The Mantra of ‘Good Enough’

In both the spirit and the letter of my Rule, I live as a beggar, completely dependent on the generosity of my supporters. I may not ask for anything to eat or drink other than water, unless a devotee makes a specific invitation on the day.

Likewise, I may not ask for things that I need except when invited. And when an offering is made, I must be mindful of what those who offer are able to provide, and carefully gauge what is appropriate for me to ask.

My Rule prescribes the correct ways for me to conduct myself both in private and public – from the care of my robes and bowl to the manner of begging for alms and how I relate to lay people. So I live simply, fostering contentment with the requisites I receive, particularly with regards to food.

The true basis of this mendicancy is the fact that even when I am hungry or in need, I can neither accept nor handle money in any form. This practice – letting go control over even the most basic resources for my survival – demands a choicelessness that violates the primordial human impulse for self-preservation.

Such powerlessness is greater than the sum total of every other monastic relinquishment. In the face of it, giving up sensory pleasure and material comfort pales because it calls me to live by an exalted faith – to trust that I will be looked after, that the folk around me will not only recognize what I need but also come forward to support me in the ancient way.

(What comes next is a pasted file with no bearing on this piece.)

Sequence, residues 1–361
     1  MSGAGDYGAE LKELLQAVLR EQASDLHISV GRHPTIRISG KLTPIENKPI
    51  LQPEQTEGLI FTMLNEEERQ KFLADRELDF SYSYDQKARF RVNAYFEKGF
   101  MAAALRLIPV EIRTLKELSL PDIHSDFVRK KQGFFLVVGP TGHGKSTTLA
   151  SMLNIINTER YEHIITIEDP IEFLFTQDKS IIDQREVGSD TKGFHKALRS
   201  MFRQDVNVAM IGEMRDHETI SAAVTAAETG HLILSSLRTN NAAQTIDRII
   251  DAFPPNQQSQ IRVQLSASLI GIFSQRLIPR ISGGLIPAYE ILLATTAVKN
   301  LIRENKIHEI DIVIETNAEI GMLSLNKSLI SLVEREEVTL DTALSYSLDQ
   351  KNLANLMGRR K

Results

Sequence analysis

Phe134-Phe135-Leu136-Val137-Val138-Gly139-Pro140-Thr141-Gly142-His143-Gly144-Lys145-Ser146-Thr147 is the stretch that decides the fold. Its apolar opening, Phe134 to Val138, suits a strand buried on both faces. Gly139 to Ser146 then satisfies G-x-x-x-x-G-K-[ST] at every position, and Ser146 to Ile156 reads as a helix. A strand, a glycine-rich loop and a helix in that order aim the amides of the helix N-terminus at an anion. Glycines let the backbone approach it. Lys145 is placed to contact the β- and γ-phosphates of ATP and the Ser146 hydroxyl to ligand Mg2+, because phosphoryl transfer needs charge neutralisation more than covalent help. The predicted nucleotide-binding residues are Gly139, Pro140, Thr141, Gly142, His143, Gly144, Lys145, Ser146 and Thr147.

I watch the whirlwind in people’s lives, and the burden of stress with which they come through my door; wishing to give but being unable, or being able but not knowing how. I see all the degrees of generosity that the Buddha taught, from princely to pretence, from those fulfilled by the sheer joy of offering to those hoping their good deeds will bring reward or consolation.

In times of plenty, the joy of our reciprocity is sweet. But in the days of lack, of doing without, of enduring neglect, I am left to witness the flights of the mind into expectation, worry, disappointment, and fear. I struggle to accept whatever is given; not to pick or choose, comment or bargain, evaluate or reject; to let go again and again, and to return to that sweetness with gratitude – even while the inner dragons scream in protest.

And yet I have lived in blessing for, in the end, my strength seems to come from a new quarter that is not dependent on my needs being fulfilled but on the quality and measure of my faith.

© Ayyā Medhānandī

This a post from Ayyā Medhānandī’s blog written while based in Penang. She draws on her experiences in a monastic community in England as a solitary nun in a coastal hamlet of New Zealand and as an urban nun perched in a ‘sky temple’ overlooking the Malacca Straits. Other posts from this blog can be found under “Penang’s Blog” topic category.

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